Books in schools are challenged and banned for many reasons and happen because people who find an idea so appalling take steps to prevent other people from encountering it. While this reaction may be normal for some people, it should be limited to their personal household. When this reaction is pushed into a school district, it becomes censorship and restricts individuals from encountering new ideas and literature. The American Library Association (ALA) defines a challenge as an attempt to remove or restrict materials, based upon the objection of a person or
group and a banning as the removal of said materials.
Banned Books Week is an annual event that celebrates the importance of the First Amendment of the US Constitution and the freedom to read. This year, it is from September 24 to October 1. Local libraries hold events during this week and the ALA has a calendar of events on their website for anyone who wishes to participate. It is through the effort of caring individuals and communities, including teachers, librarians, and booksellers that challenged books have been prevented from becoming banned books. Bringing attention to the books that have been banned and challenged is important, if only to draw attention to the novels themselves and hope more people read them.
Just last month, in Republic, MO, a local man named Wesley Scroggins led an effort to ban 3 novels from the Republic school district. Two of the three were successfully banned after the school board voted 4-0. Kurt Vonnegut’s Slaughterhouse-Five and Sarah Ockler’s Twenty Boy Summer
were considered inappropriate for the classroom. Scroggin wrote an article in the News-Leader entitled “Filthy books demeaning to Republic education” last September demanding that school officials do something about the books because of profanity and sex. He stated, “This is unacceptable, considering that most of the school board members are Christian. How can Christian men and women expose children to such immorality?” After the school board voted, the school superintendent stated the students could read the novels for “independent study” with a note from parents, but the books would not be available in the school library. He has not commented more on the decision.
In response to the banning of Slaughterhouse-Five, the Kurt Vonnegut Memorial Library offered 150 free copies to students in the Republic district. The Americans United for Separation of Church and State also called attention to the Republic school board decision on their blog “Wall of Separation” stating “If there’s any silver lining in this sorry incident, it’s this: Telling young people that they can’t or shouldn’t read a certain book or listen to a certain CD almost always causes a run on that book or CD. After all, it’s imperative to find out what it is that the adults don’t want you to see or hear. So I say to the students of Republic High: Get your hands on a copy of Slaughterhouse-Five. It’s worth your time. And if you’re having trouble finding a copy around town, drop me a line. I know a source at a used-book store who can round up as many as you need.”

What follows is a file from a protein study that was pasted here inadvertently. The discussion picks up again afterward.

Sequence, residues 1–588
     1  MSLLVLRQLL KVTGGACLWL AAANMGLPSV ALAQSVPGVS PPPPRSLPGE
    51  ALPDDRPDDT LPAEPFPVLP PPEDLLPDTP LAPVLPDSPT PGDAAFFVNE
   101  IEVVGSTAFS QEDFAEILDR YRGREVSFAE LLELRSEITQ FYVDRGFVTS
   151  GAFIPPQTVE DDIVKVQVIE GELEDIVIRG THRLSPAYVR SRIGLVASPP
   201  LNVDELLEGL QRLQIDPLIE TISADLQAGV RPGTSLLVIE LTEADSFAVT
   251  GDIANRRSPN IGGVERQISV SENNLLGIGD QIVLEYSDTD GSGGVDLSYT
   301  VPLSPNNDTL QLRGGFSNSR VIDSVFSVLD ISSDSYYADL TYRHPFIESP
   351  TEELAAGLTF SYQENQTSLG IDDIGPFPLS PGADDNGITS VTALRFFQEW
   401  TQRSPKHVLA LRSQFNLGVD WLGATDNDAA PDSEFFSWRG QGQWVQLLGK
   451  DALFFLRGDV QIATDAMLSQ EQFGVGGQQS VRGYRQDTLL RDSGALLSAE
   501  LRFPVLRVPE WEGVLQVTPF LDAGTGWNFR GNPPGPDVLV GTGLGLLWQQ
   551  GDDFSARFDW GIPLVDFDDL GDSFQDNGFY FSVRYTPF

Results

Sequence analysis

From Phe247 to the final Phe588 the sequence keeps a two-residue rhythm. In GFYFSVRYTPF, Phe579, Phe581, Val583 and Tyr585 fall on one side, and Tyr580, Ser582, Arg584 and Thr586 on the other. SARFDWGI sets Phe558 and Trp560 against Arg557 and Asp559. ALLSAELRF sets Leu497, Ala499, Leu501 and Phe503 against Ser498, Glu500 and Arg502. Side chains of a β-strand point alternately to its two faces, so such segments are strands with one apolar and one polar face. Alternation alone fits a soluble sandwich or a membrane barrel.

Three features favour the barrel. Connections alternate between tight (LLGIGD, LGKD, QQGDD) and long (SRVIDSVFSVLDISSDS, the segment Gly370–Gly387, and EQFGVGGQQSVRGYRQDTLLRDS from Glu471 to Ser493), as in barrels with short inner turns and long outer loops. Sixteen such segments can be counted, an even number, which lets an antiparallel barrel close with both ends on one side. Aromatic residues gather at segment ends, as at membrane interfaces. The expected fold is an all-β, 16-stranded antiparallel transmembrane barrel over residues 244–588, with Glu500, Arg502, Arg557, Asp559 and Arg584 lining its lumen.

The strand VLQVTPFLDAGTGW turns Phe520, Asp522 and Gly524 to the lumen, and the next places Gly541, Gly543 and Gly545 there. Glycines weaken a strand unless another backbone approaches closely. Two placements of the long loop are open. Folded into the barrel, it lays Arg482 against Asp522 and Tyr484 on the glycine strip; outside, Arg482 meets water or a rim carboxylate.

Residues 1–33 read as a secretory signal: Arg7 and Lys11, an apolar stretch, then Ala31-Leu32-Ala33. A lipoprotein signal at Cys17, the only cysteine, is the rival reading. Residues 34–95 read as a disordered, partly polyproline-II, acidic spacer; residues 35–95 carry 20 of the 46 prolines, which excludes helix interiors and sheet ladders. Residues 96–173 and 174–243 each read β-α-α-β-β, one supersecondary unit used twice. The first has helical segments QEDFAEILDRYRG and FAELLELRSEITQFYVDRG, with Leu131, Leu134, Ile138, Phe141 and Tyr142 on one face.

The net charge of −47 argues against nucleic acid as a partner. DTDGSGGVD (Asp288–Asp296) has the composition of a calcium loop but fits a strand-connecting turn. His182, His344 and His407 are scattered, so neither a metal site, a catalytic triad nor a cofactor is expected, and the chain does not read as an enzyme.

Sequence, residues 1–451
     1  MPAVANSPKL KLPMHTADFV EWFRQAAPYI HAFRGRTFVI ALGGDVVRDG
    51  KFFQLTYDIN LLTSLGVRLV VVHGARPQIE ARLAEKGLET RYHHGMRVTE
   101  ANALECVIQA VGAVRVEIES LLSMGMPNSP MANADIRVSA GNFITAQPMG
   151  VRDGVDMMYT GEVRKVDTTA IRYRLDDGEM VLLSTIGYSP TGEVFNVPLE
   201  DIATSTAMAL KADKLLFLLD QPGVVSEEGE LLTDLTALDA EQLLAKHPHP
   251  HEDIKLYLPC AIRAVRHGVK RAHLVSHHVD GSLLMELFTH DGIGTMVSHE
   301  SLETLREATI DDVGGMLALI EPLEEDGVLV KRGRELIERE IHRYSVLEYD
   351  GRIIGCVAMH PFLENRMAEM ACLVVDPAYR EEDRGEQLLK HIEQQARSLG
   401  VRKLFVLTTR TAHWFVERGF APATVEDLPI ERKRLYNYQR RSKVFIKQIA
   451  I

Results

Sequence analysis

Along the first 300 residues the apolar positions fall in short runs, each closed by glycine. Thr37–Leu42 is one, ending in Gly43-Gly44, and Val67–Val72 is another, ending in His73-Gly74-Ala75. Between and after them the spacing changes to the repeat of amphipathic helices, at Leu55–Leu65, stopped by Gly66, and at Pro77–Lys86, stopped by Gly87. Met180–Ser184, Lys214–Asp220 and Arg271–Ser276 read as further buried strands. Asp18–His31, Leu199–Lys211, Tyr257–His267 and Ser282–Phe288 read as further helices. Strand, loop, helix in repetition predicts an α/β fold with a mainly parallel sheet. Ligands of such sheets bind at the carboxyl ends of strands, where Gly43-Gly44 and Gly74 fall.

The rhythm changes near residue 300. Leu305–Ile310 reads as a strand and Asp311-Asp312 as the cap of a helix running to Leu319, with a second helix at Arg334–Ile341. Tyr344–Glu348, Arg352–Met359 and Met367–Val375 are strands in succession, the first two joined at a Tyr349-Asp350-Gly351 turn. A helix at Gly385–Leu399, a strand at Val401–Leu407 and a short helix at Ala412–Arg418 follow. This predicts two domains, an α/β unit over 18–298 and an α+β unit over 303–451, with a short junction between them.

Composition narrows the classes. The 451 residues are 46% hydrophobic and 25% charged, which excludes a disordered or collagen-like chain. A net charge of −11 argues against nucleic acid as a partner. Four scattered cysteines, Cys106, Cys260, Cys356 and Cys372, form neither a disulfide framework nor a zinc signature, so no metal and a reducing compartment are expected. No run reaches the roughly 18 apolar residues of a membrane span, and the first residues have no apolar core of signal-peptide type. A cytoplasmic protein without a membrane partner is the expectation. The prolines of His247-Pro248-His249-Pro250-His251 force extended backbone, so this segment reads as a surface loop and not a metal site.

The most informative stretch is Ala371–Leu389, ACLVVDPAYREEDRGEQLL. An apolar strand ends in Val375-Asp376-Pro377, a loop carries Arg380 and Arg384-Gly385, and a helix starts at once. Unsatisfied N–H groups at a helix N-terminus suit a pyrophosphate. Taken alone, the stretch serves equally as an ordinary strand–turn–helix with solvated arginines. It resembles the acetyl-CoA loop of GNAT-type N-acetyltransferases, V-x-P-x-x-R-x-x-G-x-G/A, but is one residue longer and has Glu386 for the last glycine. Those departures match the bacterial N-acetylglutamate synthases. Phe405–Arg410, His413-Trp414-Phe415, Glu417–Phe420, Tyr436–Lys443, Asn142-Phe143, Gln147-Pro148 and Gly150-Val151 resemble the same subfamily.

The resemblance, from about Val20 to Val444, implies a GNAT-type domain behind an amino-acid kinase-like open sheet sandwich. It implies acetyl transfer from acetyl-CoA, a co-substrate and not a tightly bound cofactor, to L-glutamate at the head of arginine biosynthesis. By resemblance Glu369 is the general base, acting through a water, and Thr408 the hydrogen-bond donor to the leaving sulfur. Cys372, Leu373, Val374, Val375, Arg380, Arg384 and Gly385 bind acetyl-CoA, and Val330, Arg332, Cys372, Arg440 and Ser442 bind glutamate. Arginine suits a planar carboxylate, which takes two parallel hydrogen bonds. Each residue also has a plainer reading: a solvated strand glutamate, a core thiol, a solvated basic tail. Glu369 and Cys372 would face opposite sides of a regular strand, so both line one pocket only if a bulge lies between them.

While not all freethinkers are avid readers of literature, this is an issue that is important, not just because of the religious reasons for challenges, but because freethinkers typically stand against censorship and promote First Amendment rights and individual freedoms. The Republic school district may not have banned the novels because of religion, though many blogs have assumed as much. Although it is outrageous if that was the primary reason, it should be an outrage to freethinkers everywhere that a select few members of a school board can decide what children can and can’t read and remove a book from the school library.
This issue goes beyond what is good or bad literature. It threatens freedom of expression. How many good books might not be written for fear of censorship? How many high schoolers –students old enough to hold jobs, drive cars, even join the military and take college courses, won’t read controversial and thought provoking literature because they do not have access to it? How many relevant classroom discussions of controversial literature will be effected if students are no long able to read thought provoking literature in a classroom environment?
Freethinkers promote knowledge and it is a sad thing to see the pursuit of knowledge meeting roadblock in the American public education system.
for more information on how to celebrate Banned Books Week.
Supreme Court cases involving school boards and literature:
Evans v. Selma Union High School District of Fresno County, 222 P. 801 (Ca. 1924)
The California State Supreme Court held that the King James version of the Bible was not a “publication of a sectarian, partisan, or denominational character” that a State statute required a public high school library to exclude from its collections. The “fact that the King James version is commonly used by Protestant Churches and not by Catholics” does not “make its character sectarian,” the court stated. “The mere act of purchasing a book to be added to the school library does not carry with it any implication of the adoption of the theory or dogma contained therein, or any approval of the book itself, except as a work of literature fit to be included in a reference library.”
Todd v. Rochester Community Schools, 200 N.W.2d 90 (Mich. Ct. App.1972)